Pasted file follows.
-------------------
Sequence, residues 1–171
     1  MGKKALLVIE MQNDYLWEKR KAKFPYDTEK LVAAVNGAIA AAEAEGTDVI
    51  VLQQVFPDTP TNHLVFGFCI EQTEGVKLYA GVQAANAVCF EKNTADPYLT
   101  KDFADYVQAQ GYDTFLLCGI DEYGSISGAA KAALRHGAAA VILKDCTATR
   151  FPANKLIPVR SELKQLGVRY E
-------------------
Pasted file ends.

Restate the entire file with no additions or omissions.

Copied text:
Sequence, residues 1–171
     1  MGKKALLVIE MQNDYLWEKR KAKFPYDTEK LVAAVNGAIA AAEAEGTDVI
    51  VLQQVFPDTP TNHLVFGFCI EQTEGVKLYA GVQAANAVCF EKNTADPYLT
   101  KDFADYVQAQ GYDTFLLCGI DEYGSISGAA KAALRHGAAA VILKDCTATR
   151  FPANKLIPVR SELKQLGVRY E